January 2, 2014
Tsunami of Price Hikes In Malaysia Truly Asia
by Balan Moses@http://www.thesundaily.my
I am sorry to start the year on a pessimistic note but false optimism will get us nowhere. We, the people at large, have to discuss the matter and collectively work with the government and private sector to get us out of this veritable pickle that we find ourselves in. Malaysians are bracing for increments ranging from power rates to tolls that have crept up on us all of a sudden leaving many afraid that their slender financial resources may not be able to weather the storm.
How is it that everyone (I exaggerate, of course) is rushing, in concert it appears, to charge us more? Has fair play (and fair prices) been thrown out the window? In reality, higher charges for a myriad goods and services have been our constant companions since last year with many not really feeling the pinch due to the manner in which prices went up intermittently by a fraction.
Much like the proverbial frog in water that grew warmer gently but surely until the heat became unbearable. In truth, our ringgit buys less today than it did last year. And it appears that this will very much be the trend in the foreseeable future.
What then is the fate of the ordinary wage earner whose purchasing power is diminishing at a faster rate than the annual increase in income? Not exactly encouraging news given the warning a couple of days ago that some employers may be giving smaller bonuses and salary increments this year.
And certainly not palatable information to the many retirees from the public and private sectors. Government pensioners are not exactly ecstatic every time there is an across the board hike in public sector salaries as pensions do not appear to keep pace with price hikes.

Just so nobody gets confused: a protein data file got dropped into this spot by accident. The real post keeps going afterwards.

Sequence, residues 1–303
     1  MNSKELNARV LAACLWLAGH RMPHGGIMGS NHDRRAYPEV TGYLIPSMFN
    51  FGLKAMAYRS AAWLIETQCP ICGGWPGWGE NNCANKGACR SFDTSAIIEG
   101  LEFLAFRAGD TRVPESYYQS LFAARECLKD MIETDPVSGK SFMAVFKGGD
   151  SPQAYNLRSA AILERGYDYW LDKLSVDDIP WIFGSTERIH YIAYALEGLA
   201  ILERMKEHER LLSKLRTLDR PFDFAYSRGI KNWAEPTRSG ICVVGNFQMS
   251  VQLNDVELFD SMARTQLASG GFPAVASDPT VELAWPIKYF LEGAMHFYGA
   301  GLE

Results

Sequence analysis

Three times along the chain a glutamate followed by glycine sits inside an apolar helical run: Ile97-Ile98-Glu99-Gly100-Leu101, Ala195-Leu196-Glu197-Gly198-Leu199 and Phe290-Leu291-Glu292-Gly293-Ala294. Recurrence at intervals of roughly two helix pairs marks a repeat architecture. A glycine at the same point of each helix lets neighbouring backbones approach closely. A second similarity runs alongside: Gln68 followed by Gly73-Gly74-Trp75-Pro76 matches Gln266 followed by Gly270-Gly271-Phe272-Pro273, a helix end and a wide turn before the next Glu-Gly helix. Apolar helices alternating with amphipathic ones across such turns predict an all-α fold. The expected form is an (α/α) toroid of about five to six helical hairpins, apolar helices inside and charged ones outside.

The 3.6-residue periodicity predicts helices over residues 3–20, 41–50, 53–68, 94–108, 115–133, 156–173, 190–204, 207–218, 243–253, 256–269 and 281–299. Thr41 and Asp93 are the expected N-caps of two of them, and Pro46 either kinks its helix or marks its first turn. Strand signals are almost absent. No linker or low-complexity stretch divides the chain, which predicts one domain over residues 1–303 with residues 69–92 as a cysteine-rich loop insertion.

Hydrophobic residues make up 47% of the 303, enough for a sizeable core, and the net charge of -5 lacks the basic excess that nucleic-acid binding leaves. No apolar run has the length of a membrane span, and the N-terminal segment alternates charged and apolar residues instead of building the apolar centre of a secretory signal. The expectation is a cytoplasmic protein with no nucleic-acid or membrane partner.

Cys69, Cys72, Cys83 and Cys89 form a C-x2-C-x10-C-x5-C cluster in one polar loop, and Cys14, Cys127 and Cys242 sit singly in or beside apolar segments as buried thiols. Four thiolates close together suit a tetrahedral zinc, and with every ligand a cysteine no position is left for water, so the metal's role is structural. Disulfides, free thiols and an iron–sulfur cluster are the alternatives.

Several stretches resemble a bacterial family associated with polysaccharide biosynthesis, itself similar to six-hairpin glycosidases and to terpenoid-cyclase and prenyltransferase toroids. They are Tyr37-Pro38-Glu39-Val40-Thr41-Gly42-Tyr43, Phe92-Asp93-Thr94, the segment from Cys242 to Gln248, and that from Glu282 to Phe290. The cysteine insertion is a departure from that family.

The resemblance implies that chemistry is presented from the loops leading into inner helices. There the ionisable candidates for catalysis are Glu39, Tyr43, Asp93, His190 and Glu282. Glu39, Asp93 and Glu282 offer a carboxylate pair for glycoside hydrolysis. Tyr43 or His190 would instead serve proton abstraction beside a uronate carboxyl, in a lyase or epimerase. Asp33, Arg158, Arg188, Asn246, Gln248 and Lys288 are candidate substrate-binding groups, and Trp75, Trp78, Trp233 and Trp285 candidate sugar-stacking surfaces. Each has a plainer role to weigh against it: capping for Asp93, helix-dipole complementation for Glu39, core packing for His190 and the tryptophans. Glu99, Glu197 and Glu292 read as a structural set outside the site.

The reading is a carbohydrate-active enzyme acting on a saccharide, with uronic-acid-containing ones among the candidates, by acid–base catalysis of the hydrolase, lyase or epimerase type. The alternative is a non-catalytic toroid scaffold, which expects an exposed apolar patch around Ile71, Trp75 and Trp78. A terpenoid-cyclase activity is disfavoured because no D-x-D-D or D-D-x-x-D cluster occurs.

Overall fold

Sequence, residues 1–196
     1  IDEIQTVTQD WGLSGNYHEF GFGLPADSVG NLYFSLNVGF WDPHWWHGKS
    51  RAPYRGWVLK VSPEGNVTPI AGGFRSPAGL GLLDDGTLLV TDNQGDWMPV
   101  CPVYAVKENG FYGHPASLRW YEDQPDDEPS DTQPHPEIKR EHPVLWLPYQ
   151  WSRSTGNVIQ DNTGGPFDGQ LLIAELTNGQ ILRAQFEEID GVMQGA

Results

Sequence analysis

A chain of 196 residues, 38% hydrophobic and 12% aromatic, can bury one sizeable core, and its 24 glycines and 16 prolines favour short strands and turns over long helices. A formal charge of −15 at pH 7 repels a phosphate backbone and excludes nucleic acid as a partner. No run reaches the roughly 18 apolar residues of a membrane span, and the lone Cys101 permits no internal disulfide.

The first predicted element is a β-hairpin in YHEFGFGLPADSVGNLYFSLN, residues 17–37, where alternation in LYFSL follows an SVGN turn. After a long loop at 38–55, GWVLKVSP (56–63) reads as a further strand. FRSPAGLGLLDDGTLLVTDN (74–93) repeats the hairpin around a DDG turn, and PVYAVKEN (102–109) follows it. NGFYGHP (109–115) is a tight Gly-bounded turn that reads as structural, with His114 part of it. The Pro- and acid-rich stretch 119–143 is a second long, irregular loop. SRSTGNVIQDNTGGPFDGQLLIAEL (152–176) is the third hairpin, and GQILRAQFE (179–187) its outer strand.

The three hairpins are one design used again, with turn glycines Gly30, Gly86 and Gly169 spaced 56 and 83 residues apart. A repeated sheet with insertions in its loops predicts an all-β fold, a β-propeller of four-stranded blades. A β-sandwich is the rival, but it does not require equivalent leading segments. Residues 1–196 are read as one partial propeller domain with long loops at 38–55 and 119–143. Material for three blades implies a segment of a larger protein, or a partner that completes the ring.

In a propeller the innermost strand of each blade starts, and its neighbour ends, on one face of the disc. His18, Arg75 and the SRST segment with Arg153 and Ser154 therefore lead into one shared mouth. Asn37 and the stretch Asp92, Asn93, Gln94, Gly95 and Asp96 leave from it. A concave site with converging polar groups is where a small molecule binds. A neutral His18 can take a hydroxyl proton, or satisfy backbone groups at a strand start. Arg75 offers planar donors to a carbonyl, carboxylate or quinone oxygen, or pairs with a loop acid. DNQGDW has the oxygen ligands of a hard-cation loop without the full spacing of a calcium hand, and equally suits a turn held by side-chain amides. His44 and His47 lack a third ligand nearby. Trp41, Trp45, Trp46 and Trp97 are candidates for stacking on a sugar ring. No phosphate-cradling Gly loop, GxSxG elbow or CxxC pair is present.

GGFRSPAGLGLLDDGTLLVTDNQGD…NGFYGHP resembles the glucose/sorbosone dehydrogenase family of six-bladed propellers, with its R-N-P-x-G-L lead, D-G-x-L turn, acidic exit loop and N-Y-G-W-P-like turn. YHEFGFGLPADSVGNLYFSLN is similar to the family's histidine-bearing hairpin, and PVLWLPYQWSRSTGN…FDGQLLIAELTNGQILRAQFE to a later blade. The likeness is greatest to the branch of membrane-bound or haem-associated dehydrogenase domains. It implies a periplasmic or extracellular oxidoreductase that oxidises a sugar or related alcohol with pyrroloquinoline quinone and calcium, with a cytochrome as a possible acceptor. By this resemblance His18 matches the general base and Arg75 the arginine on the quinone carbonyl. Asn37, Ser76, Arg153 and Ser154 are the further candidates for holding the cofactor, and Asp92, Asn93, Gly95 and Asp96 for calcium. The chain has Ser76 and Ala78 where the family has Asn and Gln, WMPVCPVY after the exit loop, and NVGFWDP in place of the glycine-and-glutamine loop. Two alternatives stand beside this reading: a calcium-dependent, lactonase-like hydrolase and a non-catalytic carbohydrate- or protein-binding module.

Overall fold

As for those who retired from the private sector, the outlook appears rather bleak as jobs become increasingly hard to come by at their age.
Some of those depending on Employees Provident Fund savings to get by fear that their money may not last them for too long with medical exigencies making their unhealthy presence felt and old age imposing its costs in so many other ways.
So where does that leave the average consumer? I think it is time that consumers organise themselves better to avoid getting a raw deal from traders at all levels.
I am not besmirching the honest traders who make reasonable profits by giving the consumer a fair price for a product or service. Not for a moment do I begrudge traders their fair profit as they too have families with all attendant costs. My beef is with profiteers who use any excuse for a better profit.
Malaysians have to identify the areas where they spend the most and seek to keep costs at reasonable levels. I use the word “reasonable” as I am cognizant of the fact that we do not live in a vacuum with international price trends directly affecting our economy.
Be that as it may, the time has come for middle Malaysia (the rich may not arguably feel the pinch like the middle class and poor do) to sit up and take an active interest in the mechanics of price hikes. I am sure there are retired economists, entrepreneurs, consumerists, academics, statisticians and managers with a reservoir of experience who can join hands to identify the way in which prices are increased.
They can also point out to government areas of unjustified increases in prices for the executive to act on. They can also work with the private sector to rationalise price hikes. I am curious about how much profit traders make in any sale or transaction.
Is there any authority that keeps tabs on these things or is it a laissez-faire system where everyone makes as much profit as they want? The argument may be made that no one is forcing anyone to buy at a particular shop or outlet. Willing buyer, willing seller as the saying goes.